Speaking of projects, Enterprise is gushing with growth potential. The company has more than a dozen major projects underway with a grand total price tag of $5.5 billion. More than half of these projects are slated to come online by the end of next year. 

To add to this point, the global energy supply chain has been compromised by the COVID-19 pandemic and Russia's invasion of Ukraine. Years of underinvestment will make it difficult to ramp up the supply of key energy commodities, thereby lifting the spot price of oil and natural gas. This is a recipe for domestic drillers to boost production, and for Enterprise Products Partners to lock in additional long-term contracts.

As a final note, the company has increased its base annual distribution for 24 consecutive years, and its payout was never even remotely in danger of being cut during the worst of the pandemic. Within the energy space, there may not be a safer ultra-high-yield dividend than what Enterprise Products Partners dishes out to its investors.

A nurse checking on a resident at a senior housing community.

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Sabra Health Care REIT: Implied upside of 40%, 9.3% yield

The second ultra-high-yield dividend stock with supercharged upside in 2023, according to Wall Street, is healthcare-focused real estate investment trust (REIT) Sabra Health Care REIT (SBRA 0.13%). Stifel analyst Stephen Manaker expects shares of Sabra Health to make a run at $18 in the upcoming year, which would offer up to 40% upside, relative to where Sabra closed on Nov. 29.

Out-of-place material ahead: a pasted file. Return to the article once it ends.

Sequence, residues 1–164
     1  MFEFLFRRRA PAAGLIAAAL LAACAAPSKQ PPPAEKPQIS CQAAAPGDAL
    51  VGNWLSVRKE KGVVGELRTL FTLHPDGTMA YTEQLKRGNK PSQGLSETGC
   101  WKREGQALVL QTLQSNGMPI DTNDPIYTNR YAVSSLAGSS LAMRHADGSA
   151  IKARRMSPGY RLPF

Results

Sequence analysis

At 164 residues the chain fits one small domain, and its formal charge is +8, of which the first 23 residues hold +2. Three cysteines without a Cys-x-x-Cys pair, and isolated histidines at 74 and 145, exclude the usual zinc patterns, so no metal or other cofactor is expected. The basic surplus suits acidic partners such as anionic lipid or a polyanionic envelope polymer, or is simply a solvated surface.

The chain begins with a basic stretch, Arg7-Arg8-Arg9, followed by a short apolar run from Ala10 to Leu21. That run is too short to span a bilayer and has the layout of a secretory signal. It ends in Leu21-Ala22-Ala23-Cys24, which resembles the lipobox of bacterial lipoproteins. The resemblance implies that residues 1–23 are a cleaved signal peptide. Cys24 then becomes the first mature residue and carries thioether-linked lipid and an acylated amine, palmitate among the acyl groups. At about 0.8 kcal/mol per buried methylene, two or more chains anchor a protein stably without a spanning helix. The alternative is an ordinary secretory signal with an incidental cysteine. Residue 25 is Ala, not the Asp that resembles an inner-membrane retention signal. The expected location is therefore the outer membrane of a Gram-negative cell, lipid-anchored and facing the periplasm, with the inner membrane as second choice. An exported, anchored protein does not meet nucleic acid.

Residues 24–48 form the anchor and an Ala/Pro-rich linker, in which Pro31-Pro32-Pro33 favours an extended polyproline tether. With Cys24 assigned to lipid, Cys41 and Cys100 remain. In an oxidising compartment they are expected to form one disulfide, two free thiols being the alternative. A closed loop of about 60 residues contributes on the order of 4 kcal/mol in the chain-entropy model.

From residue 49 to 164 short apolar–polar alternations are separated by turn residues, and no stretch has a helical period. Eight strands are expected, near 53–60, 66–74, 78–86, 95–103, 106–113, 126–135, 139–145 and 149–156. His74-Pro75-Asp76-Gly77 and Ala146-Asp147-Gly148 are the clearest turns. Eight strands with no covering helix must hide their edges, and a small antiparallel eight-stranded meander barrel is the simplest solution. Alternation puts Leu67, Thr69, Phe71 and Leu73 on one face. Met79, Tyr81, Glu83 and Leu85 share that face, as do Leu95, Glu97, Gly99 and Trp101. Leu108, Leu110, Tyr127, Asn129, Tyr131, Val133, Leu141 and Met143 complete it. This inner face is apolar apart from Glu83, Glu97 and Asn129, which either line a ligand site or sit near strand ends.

Whereas most healthcare-related companies are fairly immune to economic downturns -- people don't stop getting sick or requiring medical care just because the U.S. economy hits a speed bump -- Sabra Health Care REIT wasn't so lucky when the COVID-19 pandemic arrived.

As of Sept. 30, Sabra operated more than 400 combined skilled nursing facilities and senior housing communities. Because seniors were hit particularly hard by the original strain of COVID-19, occupancy rates at its owned properties plunged in 2020. For a brief period following the emergence of the pandemic, there was serious doubt about Sabra's future rent collections.

The good news for Sabra is that the worst of the pandemic appears to have passed. Despite these challenges, the company managed to collect more than 99% of its rents on time since the COVID-19 pandemic began. Even more importantly, it's been able to navigate some bumps in the road without too much pain.

For instance, Sabra Health Care had to rework its master lease agreement with Avamere in February, as well as divvy up two dozen property leases to Avamere and Ensign Group (expected to be completed by Feb. 1, 2023) after North American Health Care deemed its lease agreements with Sabra untenable. While Sabra would prefer to see occupancy rates at senior housing communities and skilled nursing facilities bounce back at a faster rate, its ability to navigate challenges has sustained its 9.3% payout and encouraged shareholders.

The other factor working in Sabra Health Care's favor is the aging of America. As baby boomers grow older, demand for skilled nursing and seniors housing is expected to climb. That would presumably bode well for the company's rent-pricing power over the long run.